One of the highlights of the album is also one of its most simplest, yet striking in “Gun Has No Trigger.” The rhythm is created by a consistent and soft drum beat and a subtle bass line, but what carries this song is the vocals. The soulful melodies by Coffman and Dekle are soothing that rise along with Longstreth’s yearns, hitting its climax when he yells out the line “when the gun has no trigger” and the “oohs” turn into gospel-esque “aahs.”
The self-titled track is a nice change of pace as Longstreth sings with a delicate acoustic guitar and percussion with a steady beat in the background. It’s the shortest track on the album, but it’s refreshing to hear a more stripped down side to the band that relaxes the rest of the album.
Coffman starts off “Just Like Chevron” that features the handclaps once again and a intricate guitar work. It is another show of a polyrhythmic song with different textures that makes it emphasized with Longstreth’s aggressive vocals that take over for the rest of the song. But on “The Socialites,” Coffman takes over lead vocal duties that feature intricate guitar plucking and wobbling synths. Her way of prolonging notes and hitting her highs at certain moments is reminiscent of modern day R&B that has a tinge of soul within. It demonstrates really well on how well of a more-than capable singer she can be.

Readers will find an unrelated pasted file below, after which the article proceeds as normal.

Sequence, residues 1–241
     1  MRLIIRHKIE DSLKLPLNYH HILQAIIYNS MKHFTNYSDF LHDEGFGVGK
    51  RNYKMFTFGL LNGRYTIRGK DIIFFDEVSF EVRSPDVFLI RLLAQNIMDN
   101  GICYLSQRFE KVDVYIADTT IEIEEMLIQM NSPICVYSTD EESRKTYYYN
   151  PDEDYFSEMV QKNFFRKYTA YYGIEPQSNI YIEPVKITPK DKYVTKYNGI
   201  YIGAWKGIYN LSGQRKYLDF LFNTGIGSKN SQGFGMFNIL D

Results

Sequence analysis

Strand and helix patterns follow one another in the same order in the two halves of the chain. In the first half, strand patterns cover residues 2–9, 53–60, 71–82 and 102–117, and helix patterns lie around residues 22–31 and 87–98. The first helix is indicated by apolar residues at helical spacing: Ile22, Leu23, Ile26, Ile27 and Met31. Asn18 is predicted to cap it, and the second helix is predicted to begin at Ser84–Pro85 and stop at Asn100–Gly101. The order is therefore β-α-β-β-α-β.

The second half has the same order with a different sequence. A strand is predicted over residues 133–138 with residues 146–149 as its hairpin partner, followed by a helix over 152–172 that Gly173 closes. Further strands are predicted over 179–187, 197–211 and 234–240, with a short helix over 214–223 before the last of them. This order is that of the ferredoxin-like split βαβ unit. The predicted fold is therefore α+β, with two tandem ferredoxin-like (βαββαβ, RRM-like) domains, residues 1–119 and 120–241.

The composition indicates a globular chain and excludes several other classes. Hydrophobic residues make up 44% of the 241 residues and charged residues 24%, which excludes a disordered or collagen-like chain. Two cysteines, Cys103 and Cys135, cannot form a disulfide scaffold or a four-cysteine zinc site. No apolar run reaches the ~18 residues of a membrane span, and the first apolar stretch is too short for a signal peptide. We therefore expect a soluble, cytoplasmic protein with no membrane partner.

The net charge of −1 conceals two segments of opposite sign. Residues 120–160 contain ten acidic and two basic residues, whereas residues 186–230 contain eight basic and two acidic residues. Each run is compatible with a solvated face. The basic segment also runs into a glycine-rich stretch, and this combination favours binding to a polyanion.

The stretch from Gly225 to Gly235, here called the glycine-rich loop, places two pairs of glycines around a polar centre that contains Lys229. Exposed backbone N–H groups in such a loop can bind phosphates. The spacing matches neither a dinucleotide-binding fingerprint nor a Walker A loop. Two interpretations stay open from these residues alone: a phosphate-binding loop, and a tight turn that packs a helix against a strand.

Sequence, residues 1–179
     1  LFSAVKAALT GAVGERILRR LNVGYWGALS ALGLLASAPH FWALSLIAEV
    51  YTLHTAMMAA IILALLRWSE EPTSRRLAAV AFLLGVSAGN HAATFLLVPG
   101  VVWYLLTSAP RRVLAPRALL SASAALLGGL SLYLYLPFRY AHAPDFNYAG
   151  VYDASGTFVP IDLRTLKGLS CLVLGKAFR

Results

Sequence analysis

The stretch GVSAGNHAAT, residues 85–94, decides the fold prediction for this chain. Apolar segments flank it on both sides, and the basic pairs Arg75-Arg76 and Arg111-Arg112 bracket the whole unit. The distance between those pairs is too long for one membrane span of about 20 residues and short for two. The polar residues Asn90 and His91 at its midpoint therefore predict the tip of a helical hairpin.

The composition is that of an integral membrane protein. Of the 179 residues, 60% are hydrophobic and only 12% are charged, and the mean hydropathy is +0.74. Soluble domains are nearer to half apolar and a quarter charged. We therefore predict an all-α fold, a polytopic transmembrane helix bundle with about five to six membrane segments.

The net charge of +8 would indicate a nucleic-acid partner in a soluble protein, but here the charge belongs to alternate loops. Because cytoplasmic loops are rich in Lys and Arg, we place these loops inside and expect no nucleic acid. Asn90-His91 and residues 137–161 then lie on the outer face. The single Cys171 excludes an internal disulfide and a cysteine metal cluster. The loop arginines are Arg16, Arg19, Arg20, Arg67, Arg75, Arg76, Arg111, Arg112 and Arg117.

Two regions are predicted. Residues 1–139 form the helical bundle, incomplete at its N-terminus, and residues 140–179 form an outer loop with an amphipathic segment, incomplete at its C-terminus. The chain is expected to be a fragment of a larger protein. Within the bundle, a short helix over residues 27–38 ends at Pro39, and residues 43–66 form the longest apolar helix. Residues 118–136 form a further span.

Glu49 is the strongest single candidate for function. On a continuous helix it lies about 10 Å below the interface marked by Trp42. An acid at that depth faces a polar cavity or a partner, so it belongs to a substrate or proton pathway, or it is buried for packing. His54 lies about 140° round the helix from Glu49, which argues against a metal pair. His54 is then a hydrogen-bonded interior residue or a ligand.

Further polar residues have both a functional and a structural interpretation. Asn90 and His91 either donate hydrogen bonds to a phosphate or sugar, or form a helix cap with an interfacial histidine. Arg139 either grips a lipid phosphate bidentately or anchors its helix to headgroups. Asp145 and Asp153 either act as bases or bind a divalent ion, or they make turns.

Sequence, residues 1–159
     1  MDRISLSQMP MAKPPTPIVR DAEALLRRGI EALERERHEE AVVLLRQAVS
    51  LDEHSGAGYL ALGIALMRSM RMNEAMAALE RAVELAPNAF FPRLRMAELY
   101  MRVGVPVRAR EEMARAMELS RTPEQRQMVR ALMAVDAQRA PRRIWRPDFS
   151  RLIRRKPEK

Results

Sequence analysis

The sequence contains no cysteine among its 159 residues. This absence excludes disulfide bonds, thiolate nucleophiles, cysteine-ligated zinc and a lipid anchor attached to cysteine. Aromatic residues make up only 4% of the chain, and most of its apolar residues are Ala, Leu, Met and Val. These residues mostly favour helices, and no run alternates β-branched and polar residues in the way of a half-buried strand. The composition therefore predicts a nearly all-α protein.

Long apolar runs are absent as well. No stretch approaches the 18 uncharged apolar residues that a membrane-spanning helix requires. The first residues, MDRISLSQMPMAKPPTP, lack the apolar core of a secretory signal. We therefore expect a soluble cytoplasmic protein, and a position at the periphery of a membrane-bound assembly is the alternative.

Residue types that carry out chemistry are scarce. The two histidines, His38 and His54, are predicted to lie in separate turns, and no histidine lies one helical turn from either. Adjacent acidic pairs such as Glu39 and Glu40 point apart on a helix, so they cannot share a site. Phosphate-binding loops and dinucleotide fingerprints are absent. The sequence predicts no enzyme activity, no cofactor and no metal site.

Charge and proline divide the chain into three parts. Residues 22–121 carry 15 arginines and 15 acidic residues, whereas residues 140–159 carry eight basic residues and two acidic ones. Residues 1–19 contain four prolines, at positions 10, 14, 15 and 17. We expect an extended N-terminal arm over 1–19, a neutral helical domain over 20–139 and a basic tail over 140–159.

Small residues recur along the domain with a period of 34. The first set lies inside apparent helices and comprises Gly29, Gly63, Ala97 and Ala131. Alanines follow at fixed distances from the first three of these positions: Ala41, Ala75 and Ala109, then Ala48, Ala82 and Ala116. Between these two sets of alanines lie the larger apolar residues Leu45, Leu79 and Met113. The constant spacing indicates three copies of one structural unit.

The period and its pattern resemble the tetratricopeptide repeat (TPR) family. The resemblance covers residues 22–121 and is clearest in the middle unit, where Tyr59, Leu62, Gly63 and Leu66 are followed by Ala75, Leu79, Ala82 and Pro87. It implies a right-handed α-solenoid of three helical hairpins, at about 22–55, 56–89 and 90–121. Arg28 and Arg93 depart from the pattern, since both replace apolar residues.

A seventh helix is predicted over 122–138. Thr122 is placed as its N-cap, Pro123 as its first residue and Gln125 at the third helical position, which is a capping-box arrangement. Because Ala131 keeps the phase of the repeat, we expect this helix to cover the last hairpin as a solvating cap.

On single “Dance For You,” his vocals are given a reverb effect that makes it echo throughout the song, especially on his harmonies. The song is carried by handclaps and guitar until it’s just these spontaneous strings that build tension for a matter of seconds. It eventually goes back to its original arrangement, but the strings stay put, lingering in the background to close out the song.